In defense of trees, shade and local control

Photo by Todd Wiseman

As a sixth-generation Texan, I love my home for its independent spirit and natural beauty. I am proud to live in a place that recognizes the value of our urban forest and takes its preservation seriously. Unfortunately, Gov. Greg Abbott and his Republican cronies have made it their mission to revoke tree preservation ordinances in communities throughout Texas. This is a foolish, short-sighted idea that would be devastating to local communities across the state; it should never have been floated by the "party of small government" and "local control."

Abbott claims Austin violated his property rights by requiring him to replace a protected tree he removed, but I have not heard him explain why he believes this. Municipalities have been regulating private property for decades. Why does the governor not decry the "communistic" regulation of electrical contractors? Or zoning regulations?

Trees provide valuable infrastructure services. Further, one 20-inch-diameter tree provides exponentially more benefits than ten two-inch trees. When we remove trees, we must use tax money to replace mechanically what the trees do naturally. We must collect and clean more stormwater runoff; we must provide more electricity (and deal with the associated emissions) to cool buildings that lose shade; and we must repair or replace outdoor pavements and other materials degraded by UV damage.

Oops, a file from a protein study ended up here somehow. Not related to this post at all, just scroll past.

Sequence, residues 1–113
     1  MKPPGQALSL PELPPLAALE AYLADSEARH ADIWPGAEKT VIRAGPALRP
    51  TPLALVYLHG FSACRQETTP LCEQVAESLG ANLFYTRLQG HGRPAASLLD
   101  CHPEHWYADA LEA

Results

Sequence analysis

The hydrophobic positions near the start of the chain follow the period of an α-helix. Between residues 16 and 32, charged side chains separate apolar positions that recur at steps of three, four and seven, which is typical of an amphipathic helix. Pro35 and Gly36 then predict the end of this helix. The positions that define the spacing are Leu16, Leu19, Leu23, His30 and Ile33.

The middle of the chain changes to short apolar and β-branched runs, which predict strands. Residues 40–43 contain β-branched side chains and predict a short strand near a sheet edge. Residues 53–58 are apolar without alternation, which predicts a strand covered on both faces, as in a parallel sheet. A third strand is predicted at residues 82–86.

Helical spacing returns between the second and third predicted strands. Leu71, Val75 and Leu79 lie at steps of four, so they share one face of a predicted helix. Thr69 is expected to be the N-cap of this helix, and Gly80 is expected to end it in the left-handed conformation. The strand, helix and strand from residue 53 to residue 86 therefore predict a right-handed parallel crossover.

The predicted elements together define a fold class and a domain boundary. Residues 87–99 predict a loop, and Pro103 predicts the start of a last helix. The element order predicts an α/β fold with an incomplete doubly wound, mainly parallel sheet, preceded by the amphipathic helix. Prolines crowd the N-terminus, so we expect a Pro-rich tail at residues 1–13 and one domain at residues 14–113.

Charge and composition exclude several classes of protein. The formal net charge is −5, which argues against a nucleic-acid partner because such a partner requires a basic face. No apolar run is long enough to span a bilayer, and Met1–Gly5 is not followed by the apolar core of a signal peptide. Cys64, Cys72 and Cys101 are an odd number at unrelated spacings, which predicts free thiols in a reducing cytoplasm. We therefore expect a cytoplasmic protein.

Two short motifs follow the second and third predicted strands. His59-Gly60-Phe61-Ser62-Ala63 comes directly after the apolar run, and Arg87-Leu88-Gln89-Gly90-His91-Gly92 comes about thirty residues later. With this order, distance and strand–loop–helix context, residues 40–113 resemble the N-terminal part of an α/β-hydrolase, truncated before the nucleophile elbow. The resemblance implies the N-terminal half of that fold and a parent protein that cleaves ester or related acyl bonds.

There are also benefits that are harder to quantify. Environmentally speaking, trees remove carbon dioxide from the air and store the carbon in their wood, reducing the greenhouse effect. They remove pollution from air, which helps avoid the need for stricter federal controls on emissions. They control loss of soil through erosion. They provide valuable habitat to wildlife, helping to preserve the natural ecosystem we all rely on to live.

In the social realm, trees increase property values and attract consumers, stimulating the economy and increasing municipal tax bases. They create tourist income and recreational opportunities. Neighborhoods with trees report less crime than those without. Public health benefits include reduced stress and enhanced mental health. People in hospitals recover more quickly when exposed to trees. And, of course, trees are a significant part of what many communities love about their hometowns.

Over 50 municipalities in Texas, large and small, have decided tree preservation is an important goal that justifies the minor loss to individual property rights. Revoking ordinances would not only reflect Big State Government trampling the wishes of citizens; it would also be catastrophic to many city budgets and to their quality of life. The state should allow communities the right to regulate themselves, and to invite people who don't like a town's rules to live elsewhere. 

Keith Babberney

Master arborist